Kenya’s election petition and the overthrow of President Uhuru Kenyatta’s victory is the talk of town, or the world to be precise.
The air waves are flooded with talk like: “Kenya should serve as an example to other African countries”, a narrative that helps prop up the stereotype of Africa always needing lessons.
They believe that they are the guardians of judicial values, a very paternalistic and patronizing attitude. One just needs to sample all major media outlets to gauge the feeling. But the icing on the cake comes from western diplomats based in Kenya who sound like proud parents whose children performed well under their guidance.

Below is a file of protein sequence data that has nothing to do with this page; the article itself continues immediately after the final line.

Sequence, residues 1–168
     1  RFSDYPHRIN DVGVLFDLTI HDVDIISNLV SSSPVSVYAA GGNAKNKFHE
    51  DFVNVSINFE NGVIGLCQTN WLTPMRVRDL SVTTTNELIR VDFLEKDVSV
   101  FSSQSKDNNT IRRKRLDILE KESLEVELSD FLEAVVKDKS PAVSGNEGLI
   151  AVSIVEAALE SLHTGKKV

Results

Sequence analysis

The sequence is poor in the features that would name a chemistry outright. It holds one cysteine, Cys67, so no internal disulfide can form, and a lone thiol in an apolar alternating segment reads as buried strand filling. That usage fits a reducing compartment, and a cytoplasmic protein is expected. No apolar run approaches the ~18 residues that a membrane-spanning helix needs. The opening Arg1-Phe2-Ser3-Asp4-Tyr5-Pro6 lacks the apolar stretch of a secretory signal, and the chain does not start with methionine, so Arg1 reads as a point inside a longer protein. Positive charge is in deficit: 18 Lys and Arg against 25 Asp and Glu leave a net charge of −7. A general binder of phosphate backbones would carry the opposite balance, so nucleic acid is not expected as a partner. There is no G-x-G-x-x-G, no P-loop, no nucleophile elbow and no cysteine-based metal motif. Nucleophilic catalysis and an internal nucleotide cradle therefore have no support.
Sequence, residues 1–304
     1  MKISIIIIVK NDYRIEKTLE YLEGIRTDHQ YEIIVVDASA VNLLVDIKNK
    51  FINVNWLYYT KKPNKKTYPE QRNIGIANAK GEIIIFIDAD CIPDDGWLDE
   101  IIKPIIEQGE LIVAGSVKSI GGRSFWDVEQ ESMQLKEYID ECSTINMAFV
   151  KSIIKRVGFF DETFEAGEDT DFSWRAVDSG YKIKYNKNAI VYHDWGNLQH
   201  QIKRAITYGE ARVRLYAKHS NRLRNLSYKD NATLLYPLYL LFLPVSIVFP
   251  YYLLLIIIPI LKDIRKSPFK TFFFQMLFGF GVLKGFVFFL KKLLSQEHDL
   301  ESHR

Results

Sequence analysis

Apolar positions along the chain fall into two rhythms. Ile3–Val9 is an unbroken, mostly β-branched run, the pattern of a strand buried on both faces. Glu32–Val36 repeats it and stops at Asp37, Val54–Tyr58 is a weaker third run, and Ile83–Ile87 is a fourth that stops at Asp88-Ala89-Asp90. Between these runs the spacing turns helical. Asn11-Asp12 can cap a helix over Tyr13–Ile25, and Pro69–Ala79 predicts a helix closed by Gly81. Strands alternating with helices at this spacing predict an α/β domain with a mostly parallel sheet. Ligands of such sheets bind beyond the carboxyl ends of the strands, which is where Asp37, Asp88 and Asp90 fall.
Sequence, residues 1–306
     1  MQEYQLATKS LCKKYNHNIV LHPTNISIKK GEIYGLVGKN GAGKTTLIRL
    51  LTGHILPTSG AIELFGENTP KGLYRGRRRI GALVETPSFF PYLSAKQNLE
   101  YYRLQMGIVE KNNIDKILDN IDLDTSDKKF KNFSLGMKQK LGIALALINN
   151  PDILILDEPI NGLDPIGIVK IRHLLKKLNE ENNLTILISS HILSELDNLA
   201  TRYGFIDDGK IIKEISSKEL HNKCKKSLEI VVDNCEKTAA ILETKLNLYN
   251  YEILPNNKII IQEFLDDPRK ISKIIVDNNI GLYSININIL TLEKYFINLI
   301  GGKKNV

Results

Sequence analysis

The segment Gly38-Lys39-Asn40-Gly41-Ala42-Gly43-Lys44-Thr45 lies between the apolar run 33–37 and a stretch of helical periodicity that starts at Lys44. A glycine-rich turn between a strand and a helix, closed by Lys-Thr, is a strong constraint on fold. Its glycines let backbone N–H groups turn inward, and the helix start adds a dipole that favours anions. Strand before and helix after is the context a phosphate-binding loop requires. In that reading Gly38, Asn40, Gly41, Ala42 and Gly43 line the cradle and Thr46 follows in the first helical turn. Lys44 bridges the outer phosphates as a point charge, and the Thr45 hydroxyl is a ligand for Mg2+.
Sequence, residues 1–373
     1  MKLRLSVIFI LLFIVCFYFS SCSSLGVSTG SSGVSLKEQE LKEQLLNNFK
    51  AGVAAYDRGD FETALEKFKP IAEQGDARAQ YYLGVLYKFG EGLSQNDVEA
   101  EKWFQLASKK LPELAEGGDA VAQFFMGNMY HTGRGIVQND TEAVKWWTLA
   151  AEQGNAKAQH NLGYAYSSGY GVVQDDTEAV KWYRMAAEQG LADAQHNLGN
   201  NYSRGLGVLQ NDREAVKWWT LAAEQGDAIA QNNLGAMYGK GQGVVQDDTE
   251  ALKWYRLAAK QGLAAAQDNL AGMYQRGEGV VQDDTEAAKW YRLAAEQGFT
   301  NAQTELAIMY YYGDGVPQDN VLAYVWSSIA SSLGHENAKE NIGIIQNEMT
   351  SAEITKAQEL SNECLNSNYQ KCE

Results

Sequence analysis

Why don’t they, for once, give credit where it is due? That a Supreme Court ruled against a sitting African president and the latter respected the ruling gracefully? They had expected the opposite, which is why they are still reeling in shock and are lost for words.
But what is most frustrating is that African media houses have sadly jumped on the bandwagon and continue to perpetuate the same shallow narrative.
African media bodies always sing about coming together to tell their own story, but it is just turning out to be mere talk and no action. We are our own enemies because we continue to abet a neo-colonial labeling. When will we learn and stand on our own two feet to define ourselves?
Unfortunately Africa is not a country and should not be defined as such, nor should many media houses in Africa help fuel that philosophy.